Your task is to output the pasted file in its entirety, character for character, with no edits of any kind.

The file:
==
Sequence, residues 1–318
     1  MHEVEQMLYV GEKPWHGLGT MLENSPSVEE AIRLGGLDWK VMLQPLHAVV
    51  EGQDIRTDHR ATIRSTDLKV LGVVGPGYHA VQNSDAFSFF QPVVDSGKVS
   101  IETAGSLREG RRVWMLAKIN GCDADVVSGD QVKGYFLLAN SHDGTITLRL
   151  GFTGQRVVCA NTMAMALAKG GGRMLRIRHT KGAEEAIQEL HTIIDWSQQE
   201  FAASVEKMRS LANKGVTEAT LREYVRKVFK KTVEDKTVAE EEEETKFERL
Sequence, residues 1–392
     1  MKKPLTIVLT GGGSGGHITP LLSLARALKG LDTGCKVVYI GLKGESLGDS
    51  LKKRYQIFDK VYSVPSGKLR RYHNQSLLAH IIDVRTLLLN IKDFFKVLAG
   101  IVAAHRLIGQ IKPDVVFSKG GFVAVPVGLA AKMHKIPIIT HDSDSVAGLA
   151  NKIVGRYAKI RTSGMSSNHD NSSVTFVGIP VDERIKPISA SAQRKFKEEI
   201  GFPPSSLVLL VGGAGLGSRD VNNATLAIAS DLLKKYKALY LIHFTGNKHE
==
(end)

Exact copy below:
Sequence, residues 1–318
     1  MHEVEQMLYV GEKPWHGLGT MLENSPSVEE AIRLGGLDWK VMLQPLHAVV
    51  EGQDIRTDHR ATIRSTDLKV LGVVGPGYHA VQNSDAFSFF QPVVDSGKVS
   101  IETAGSLREG RRVWMLAKIN GCDADVVSGD QVKGYFLLAN SHDGTITLRL
   151  GFTGQRVVCA NTMAMALAKG GGRMLRIRHT KGAEEAIQEL HTIIDWSQQE
   201  FAASVEKMRS LANKGVTEAT LREYVRKVFK KTVEDKTVAE EEEETKFERL
Sequence, residues 1–392
     1  MKKPLTIVLT GGGSGGHITP LLSLARALKG LDTGCKVVYI GLKGESLGDS
    51  LKKRYQIFDK VYSVPSGKLR RYHNQSLLAH IIDVRTLLLN IKDFFKVLAG
   101  IVAAHRLIGQ IKPDVVFSKG GFVAVPVGLA AKMHKIPIIT HDSDSVAGLA
   151  NKIVGRYAKI RTSGMSSNHD NSSVTFVGIP VDERIKPISA SAQRKFKEEI
   201  GFPPSSLVLL VGGAGLGSRD VNNATLAIAS DLLKKYKALY LIHFTGNKHE